Right Care, Right Place, Right Time? Frequency and Duration of Boarding for Pediatric Mental Health Conditions at Acute Care HospitalsRight Care, Right Place, Right Time? Frequency and Duration of Boarding for Pediatric Mental Health Conditions at Acute Care Hospitals https://pediatricsnationwide.org/wp-content/themes/corpus/images/empty/thumbnail.jpg 150 150 Lauren Dembeck Lauren Dembeck https://pediatricsnationwide.org/wp-content/uploads/2021/03/Dembeck_headshot.gif
- December 28, 2021
- Lauren Dembeck
Mental health boarding durations significantly exceed standards by the Joint Commission, and youth receive minimal mental health services in these acute care settings. This study calls for increased awareness, dedicated resources and research to improve mental health care for youths in these settings.
According to the results of a national survey conducted, in part by a researcher at Nationwide Children’s Hospital, mental health boarding in emergency departments and/or hospital inpatient settings is common with a median of 4 patients daily and associated with median durations of 48 hours — 10 times longer than standards established by the Joint Commission. In addition, in these acute care settings, youths received minimal mental health services during their lengthy boarding. Unfortunately, these patients are getting the wrong care, in the wrong place and at the wrong time. The study was published in the Journal of the American Medical Association.
“Behavioral and mental health in children and adolescents is now recognized as a crisis,” says Ryan Bode, MD, chief of Hospital Medicine and medical director of Quality at Nationwide Children’s, and senior principal investigator of the study. “We know from other literature that ED visits for behavioral health have gone up significantly with a recent study revealing an increase of 60% between 2007 and 2016.”
The Joint Commission defines boarding as “the practice of holding patients in the ED or another temporary location after the decision to admit or transfer has been made” and has recommended that youths spend no more than 4 hours in boarding to support patient safety and health care quality.
Until this research survey by Dr. Bode and colleagues, no national studies quantifying the extent of pediatric mental health boarding had been conducted. Their study estimated the frequency and duration of boarding for pediatric mental health conditions at US acute care hospitals and described hospital resources available to support youths during the boarding period.
“Acute care settings are vastly under-resourced to provide care for these patients,” adds Dr. Bode. “They come to the ED, are medically cleared from a physical standpoint, but they have psychiatric illness with the need for further definitive treatment, often inpatient hospitalization, but no beds are available.”
In March 2021, the team conducted a web-based survey of pediatric hospitalists who participate in Pediatric Research in Inpatient Settings (PRIS), a voluntary pediatric hospital medicine research network that includes children’s and community hospitals in the United States and Canada.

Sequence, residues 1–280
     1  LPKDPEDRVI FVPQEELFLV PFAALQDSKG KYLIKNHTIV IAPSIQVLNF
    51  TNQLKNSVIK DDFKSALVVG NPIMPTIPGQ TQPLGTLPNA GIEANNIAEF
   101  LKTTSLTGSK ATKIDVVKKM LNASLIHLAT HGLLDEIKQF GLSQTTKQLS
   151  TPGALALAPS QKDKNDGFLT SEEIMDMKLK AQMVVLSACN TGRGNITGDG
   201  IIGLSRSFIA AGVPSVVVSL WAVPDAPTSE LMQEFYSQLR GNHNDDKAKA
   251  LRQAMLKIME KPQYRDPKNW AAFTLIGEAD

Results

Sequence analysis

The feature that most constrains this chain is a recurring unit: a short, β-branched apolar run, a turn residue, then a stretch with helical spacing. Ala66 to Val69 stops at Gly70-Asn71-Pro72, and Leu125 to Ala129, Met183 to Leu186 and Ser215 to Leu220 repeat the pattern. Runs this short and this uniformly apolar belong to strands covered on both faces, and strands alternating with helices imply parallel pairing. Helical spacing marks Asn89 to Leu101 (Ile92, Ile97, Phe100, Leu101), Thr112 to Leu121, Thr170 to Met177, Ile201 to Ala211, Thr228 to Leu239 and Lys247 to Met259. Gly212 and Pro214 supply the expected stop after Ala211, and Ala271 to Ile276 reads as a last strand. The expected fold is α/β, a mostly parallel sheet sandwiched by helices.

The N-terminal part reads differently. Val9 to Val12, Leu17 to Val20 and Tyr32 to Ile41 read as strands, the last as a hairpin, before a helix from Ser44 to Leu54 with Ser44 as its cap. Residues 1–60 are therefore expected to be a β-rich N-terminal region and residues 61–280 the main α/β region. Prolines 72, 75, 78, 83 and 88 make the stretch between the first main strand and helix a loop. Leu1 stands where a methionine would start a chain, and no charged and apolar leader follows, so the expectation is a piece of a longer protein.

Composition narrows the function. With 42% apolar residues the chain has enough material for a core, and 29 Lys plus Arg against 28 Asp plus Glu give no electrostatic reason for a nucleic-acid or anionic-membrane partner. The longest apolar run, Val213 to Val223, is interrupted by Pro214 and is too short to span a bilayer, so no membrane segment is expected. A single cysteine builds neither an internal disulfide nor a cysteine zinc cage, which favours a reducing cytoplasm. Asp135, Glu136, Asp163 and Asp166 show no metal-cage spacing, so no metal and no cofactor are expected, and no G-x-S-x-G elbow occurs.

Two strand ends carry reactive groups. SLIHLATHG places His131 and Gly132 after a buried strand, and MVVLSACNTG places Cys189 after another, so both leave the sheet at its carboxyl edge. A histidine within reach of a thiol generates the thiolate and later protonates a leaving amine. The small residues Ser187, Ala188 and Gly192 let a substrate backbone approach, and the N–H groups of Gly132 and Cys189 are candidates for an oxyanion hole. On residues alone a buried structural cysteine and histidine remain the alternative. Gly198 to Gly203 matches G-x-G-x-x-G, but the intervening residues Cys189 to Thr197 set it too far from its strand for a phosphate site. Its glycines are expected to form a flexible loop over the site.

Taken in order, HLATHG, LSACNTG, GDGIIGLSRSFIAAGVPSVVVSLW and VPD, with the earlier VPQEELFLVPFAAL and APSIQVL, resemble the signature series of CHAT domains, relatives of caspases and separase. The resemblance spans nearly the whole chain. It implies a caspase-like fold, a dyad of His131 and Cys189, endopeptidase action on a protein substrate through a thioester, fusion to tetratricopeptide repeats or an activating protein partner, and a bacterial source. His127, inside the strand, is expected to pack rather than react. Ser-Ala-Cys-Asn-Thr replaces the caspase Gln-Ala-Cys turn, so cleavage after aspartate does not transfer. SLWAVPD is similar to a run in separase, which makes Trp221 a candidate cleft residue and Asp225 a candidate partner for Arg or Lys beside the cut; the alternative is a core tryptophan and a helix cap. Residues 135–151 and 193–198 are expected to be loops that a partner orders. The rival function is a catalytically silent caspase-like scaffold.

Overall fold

One hundred eleven (111) hospitals from the PRIS network were asked to consider boarding in children and adolescents younger than 18 years following medical clearance. The survey questions queried respondents about hospital characteristics; boarding frequency, duration, and locations; changes in boarding since the onset of COVID-19; and hospital resources for boarding youths.
Pediatric hospitalists at 88 hospitals (79.3%) completed the survey. Of these, 98.9% reported that their hospital regularly boarded youths who were awaiting inpatient psychiatric care. Only 38% of the hospitals reported having facilities with a designated unit to safely accommodate these patients. A median of 4 youths were boarded daily at these hospitals with a median duration of 48 hours and 75% of patients boarding for over 24 hours. One-on-one safety observation was provided on 98.6% of inpatient units. However, other mental health resources, including routine psychiatric medication initiation or changes (13.9%) and routine psychotherapy (18.1%), were provided infrequently.
Another important, but unsurprising, finding was that the numbers of pediatric patients boarding and the duration of boarding increased in 84% and 75% of hospitals, respectively, during the COVID-19 pandemic.
“At Nationwide Children’s, in 2021, we have averaged 12 boarders daily, but we are fortunate that we have a dedicated unit with trained nursing staff, pediatric hospitalists, psychiatrists and mental health professionals to ensure patient safety and initiate care while awaiting definitive psychiatric placement and disposition,” says Dr. Bode. “But in many other hospitals, that is not the case. We wanted to bring this issue to light and make a call for additional research while advocating for additional support and resources on both a systematic and individual hospital level for these patients so that they can get the care they need and deserve.”
Leyenaar JK, Freyleue SD, Bordogna A, Wong C, Penwill N, Bode R. Frequency and Duration of Boarding for Pediatric Mental Health Conditions at Acute Care Hospitals in the US. JAMA. 2021 Dec 14;326(22):2326-2328.
Image credit: Nationwide Children’s
About the author
Lauren Dembeck, PhD, is a freelance science and medical writer based in New York City. She completed her BS in biology and BA in foreign languages at West Virginia University. Dr. Dembeck studied the genetic basis of natural variation in complex traits for her doctorate in genetics at North Carolina State University. She then conducted postdoctoral research on the formation and regulation of neuronal circuits at the Okinawa Institute of Science and Technology in Japan.
Lauren Dembeckhttps://pediatricsnationwide.org/author/lauren-dembeck/January 29, 2019
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